Why investing in Women bring better return




There is a growing recognition of the unique contributions that propel success when more voices — especially female voices— are at the table and are being heard.


With more women entering the workforce, companies must invest in their female employees to see more women in leadership positions and reap the rewards that come with it. The benefits of doing so are abundantly clear; studies have shown that companies with more female leaders enjoy better financial performance, higher employee satisfaction, and increased innovation.


If you're reading this, you're probably searching for insights, actions, and strategies to bring more women leaders to the table, support their leadership, and invest in their continued success. Here are several reasons why you should invest in women's leadership:



1. The value added goes far beyond gender diversity


Though the ethical argument for gender-diverse leadership is abundantly clear, the business incentive is, perhaps, just as clear. Businesses with women in leadership positions have consistently higher profit margins than those without.


McKinsey research found that companies in the top quartile for gender diversity on executive teams were 25% more likely to have above-average profitability than companies towards the bottom.


There have been various studies in recent years indicating that women in executive positions and on corporate boards can have a significant impact on a company's overall performance.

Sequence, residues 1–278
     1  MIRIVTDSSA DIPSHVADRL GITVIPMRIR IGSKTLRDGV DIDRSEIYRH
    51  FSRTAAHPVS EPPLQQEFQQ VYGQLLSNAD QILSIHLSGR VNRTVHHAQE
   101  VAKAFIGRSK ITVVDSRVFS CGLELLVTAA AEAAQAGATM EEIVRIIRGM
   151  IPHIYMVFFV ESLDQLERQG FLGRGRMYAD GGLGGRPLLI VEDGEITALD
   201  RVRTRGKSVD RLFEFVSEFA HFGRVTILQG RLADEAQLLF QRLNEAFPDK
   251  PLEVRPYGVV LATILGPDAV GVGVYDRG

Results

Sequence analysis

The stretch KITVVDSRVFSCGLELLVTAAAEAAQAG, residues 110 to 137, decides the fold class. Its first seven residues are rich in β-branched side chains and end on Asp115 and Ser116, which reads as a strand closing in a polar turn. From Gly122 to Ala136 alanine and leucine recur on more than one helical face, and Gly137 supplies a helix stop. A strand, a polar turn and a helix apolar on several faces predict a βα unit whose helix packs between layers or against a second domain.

2. Evidence suggests women leaders are more loyal than their male counterparts


Men are praised for being ambitious. Women are too, but they prioritize job satisfaction and stability more than anything, refraining from constantly seeking out better opportunities.


As per the third edition of the Best Companies for Women in India study, women's attribution rate is considerably lower than men's at all levels in the corporate hierarchy. The report suggests that companies which invest in developing and growing women into leadership while focusing on the holistic well-being of their employees are more likely to retain their most talented employees.



3. Women leaders perform better in times of crisis and foster a more supportive, caring work environment